Request for Proposal: Project Mid-Term Review consultancy. Search for Common Ground



Project Mid-Term Review:

PROTECT: Promoting Collective Effort Towards Resilience and Tolerance in Indonesia


Search for Common Ground (Search) Indonesia is seeking to hire a consultant to carry out a mid-term review for its project “PROTECT: Promoting Collective Effort Towards Resilience and Tolerance in Indonesia.” Search Indonesia seeks to procure the services of an independent, external consultant(s) to design, plan and conduct a rigorous project mid-term review for this consultancy. This review aims to document project achievements and lessons learned from the 24-month project on promoting freedom of religion/beliefs and protecting minority rights in Indonesia.


Background of the Organization

Search ( is an international peacebuilding organization that strives to find local solutions to today’s toughest violent conflicts — and save millions of lives in the process. It works in 33 countries across Africa, Asia, Europe, the Middle East, and the USA. It works with governments, civil society, state institutions, youth, women, media organizations, and other stakeholder groups to promote peace, reconciliation, tolerance, and collaboration across dividing lines.


Search has been working in Indonesia since 2002. As a diverse country, Indonesia is facing challenges in managing social harmony and tolerance within the heterogeneous society. Search, in collaboration with local partners, is supporting the process of building peaceful culture through media programming, dialogues, outreach activities, and capacity strengthening. Search Indonesia works primarily with youth, especially in universities and schools, government agencies and officials, and communities in vulnerable areas to prevent violent extremism as one of the challenges to peace and tolerance in Indonesia.


Background of the project

Despite its reputation as a diverse country, in recent years, Indonesia has experienced an increase in instances of intolerance towards vulnerable marginalized groups, enabled both officially by discriminatory government policies and practices, as well as informally by ultra-conservative groups and figures, and religious leaders who promote intolerance through sermons. The COVID-19 crisis has also sparked a rise in intolerant discourse targeting minority groups, with online and offline misinformation scapegoating minority communities for the pandemic. To overcome these challenges, there is a great need to support existing advocates for tolerance and to mobilize additional support to include and advance the voices of marginalized and ‘hard to reach’ groups within civil society and decision-making processes and government policies.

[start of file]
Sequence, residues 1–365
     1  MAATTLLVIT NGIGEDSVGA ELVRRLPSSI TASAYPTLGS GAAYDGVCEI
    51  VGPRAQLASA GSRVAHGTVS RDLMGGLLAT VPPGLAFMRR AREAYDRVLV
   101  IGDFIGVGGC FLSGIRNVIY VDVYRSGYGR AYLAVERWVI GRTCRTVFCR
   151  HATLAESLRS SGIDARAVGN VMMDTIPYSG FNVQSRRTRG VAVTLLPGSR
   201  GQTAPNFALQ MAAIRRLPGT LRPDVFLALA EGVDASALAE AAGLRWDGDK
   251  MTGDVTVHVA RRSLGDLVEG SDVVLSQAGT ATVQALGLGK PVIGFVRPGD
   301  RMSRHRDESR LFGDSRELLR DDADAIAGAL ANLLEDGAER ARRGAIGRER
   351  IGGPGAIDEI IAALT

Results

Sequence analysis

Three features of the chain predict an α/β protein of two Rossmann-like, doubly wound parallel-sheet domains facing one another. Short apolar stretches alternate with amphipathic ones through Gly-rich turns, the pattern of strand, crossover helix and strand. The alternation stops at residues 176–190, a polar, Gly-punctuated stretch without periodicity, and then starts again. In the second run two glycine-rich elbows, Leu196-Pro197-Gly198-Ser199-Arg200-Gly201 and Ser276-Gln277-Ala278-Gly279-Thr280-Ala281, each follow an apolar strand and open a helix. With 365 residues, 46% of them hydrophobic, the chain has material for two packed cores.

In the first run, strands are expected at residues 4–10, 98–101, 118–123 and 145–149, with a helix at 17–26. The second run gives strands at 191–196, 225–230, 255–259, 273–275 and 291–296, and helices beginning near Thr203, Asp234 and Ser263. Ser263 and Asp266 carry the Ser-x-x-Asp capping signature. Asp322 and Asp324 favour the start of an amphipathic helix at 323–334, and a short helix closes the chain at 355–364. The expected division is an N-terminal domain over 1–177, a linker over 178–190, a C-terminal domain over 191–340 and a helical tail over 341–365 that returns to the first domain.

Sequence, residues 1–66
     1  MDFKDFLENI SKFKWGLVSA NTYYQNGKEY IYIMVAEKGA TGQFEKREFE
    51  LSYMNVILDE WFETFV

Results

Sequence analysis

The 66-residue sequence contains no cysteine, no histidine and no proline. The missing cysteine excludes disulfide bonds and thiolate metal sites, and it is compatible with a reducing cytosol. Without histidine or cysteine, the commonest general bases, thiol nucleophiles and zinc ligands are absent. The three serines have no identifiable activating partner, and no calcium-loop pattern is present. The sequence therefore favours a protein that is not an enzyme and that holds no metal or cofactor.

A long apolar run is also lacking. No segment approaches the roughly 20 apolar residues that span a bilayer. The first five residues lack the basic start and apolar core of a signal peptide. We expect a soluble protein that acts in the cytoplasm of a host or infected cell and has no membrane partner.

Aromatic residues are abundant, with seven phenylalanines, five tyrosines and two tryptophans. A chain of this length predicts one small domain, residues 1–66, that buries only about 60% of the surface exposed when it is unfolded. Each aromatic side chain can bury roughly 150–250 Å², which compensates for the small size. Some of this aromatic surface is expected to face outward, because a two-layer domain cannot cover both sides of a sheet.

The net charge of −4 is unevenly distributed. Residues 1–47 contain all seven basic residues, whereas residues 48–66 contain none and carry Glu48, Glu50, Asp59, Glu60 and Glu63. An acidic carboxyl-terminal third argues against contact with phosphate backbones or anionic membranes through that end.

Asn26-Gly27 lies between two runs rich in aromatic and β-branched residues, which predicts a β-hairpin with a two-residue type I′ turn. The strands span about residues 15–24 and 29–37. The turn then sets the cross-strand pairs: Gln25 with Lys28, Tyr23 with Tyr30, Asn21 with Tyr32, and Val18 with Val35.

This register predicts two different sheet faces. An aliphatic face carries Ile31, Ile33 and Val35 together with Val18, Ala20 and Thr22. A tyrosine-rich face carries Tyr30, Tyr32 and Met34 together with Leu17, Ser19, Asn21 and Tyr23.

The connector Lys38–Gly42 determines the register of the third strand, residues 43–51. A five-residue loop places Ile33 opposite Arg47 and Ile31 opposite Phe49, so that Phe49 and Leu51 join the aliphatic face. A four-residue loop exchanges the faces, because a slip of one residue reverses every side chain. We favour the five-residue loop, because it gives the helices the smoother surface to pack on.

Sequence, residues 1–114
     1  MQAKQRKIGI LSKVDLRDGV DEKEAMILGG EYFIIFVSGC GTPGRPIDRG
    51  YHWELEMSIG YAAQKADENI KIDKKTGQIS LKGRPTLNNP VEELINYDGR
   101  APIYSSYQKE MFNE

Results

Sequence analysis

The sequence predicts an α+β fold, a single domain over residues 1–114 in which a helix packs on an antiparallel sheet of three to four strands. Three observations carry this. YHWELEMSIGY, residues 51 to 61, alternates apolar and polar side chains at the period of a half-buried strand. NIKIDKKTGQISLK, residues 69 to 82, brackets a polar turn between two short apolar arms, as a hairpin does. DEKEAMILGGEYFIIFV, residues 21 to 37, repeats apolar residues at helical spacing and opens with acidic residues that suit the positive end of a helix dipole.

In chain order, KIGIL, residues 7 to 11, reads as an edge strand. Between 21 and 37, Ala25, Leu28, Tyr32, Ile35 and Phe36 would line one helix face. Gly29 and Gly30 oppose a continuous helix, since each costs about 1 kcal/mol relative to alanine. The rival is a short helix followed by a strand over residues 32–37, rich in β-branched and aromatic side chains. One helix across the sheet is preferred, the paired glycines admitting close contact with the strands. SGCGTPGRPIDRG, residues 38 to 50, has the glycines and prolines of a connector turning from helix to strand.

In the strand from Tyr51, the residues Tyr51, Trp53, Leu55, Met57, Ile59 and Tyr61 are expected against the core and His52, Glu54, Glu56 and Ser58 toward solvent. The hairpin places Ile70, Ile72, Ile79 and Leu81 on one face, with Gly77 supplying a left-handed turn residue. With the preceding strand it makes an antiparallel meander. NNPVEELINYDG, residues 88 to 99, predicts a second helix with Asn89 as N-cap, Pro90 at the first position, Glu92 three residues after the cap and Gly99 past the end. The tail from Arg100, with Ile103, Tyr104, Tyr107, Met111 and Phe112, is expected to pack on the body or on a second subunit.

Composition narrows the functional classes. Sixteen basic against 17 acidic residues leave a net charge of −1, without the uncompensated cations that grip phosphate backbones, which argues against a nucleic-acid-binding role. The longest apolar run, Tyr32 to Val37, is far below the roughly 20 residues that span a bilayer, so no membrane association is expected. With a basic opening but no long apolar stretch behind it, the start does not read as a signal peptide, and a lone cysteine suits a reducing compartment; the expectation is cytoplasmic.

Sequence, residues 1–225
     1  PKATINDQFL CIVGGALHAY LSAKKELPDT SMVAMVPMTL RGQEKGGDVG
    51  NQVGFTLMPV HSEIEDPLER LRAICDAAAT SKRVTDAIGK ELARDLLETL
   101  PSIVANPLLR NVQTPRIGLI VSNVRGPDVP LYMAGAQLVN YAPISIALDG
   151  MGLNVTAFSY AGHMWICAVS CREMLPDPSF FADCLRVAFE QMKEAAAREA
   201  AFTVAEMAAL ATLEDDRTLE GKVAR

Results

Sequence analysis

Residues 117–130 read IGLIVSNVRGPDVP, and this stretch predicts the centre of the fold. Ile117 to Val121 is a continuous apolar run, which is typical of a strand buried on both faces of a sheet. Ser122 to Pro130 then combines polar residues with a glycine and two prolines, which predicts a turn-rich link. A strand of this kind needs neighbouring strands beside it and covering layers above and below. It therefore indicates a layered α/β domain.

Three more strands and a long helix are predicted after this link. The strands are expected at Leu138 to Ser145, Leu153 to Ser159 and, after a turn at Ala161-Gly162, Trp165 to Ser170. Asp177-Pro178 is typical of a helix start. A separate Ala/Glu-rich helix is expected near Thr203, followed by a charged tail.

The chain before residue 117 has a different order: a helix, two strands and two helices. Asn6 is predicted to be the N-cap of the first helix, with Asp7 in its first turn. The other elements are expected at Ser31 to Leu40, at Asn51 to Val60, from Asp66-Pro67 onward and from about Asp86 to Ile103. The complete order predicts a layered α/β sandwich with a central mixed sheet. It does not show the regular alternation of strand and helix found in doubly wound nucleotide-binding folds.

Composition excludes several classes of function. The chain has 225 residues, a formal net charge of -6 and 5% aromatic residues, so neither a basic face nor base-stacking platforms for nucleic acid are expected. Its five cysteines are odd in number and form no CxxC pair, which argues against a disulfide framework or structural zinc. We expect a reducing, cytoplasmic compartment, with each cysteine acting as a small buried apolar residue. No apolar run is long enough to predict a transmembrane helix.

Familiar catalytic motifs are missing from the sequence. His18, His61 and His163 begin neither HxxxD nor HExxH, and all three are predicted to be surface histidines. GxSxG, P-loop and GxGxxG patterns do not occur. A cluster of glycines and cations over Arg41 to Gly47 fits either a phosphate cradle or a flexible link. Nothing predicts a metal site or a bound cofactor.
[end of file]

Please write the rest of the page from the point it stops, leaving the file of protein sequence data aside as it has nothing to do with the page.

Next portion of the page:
Search, Yayasan Satu Keadilan (YSK) in Bogor, Jaringan Kerjasama Antar Umat Beragama (Jakatarub) in Bandung, and the KAKAK Foundation in Solo implement a project to increase understanding about the importance of religious tolerance while broadening ‘whole of community’ collaboration and raising awareness at the public and government levels around the importance of protecting the rights of ‘hard-to-reach’ minority groups.


With the approaching end of its first phase of the implementation period, the project needs to be reviewed to enable Search and the project partners to document the project’s key achievements, lessons learned, and areas that can be further improved in the next phase of the project.         


Project Objectives

The project's overall objective is to empower minority groups and allies to address barriers to the rights and freedoms of minority groups in Indonesia.


The theory of change of the project is IF religious and other minorities are better connected with their communities and civil society actors AND religious leaders and media actors are able to advocate for religious tolerance and rights protection, THEN the protection of human rights of religious minorities will be better enforced.


The project's specific objectives are: 

Objective 1: To build the capacity of CSOs working on tolerance to perform outreach and engagement with ‘hard to reach’ minority groups to increase their community-level impact.

Objective 2: To empower journalists and social media influencers to detect and respond to dangerous misinformation, such as religious-motivated hate speech and persecution of religious minorities.


Objective 3: To provide religious leaders with the skills and opportunities to collectively advocate for religious tolerance and protection of rights.


Target groups for the project:

  1. The primary group is the most vulnerable group prone to intolerance and discrimination in both Internum and Externum sectors. They include;
    Ahmadiyya, Shia, Baha’i, Christian Protestants and Catholics, local faith believers (e.g., Sunda Wiwitan, Sapta Darma, Putra Ibu Pertiwi, Simbok Kuoso, Sumarah, and Kepribaden), atheists, former militant groups of Islamic Front Defenders (Front Pembela Islam/FPI), Hizbut Tahrir of Indonesia (HTI), as well as ex-convicted terrorists.
  2. The secondary group is part of the community that is not necessarily affiliated with religious organizations. However, their individual religious expression is prone to discrimination and neglect. The group includes;
    Women and youth across all religions and beliefs.
  3. The tertiary group is part of the minority groups who is not necessarily affiliated with a religious background and are often not included in the discussion on diversity. This group is still a rather new discourse on Indonesia's freedom of religion, belief, and tolerance. This group includes;
    People with disability (PWDs) and gender minority groups (LGBTQ) across all religions and beliefs.
  4. Other actors who also play a significant role in promoting and protecting FORB and tolerance in Indonesia will also be engaged as the key entry points to advocate FORB and tolerance under the program. These actors are identified as the followings;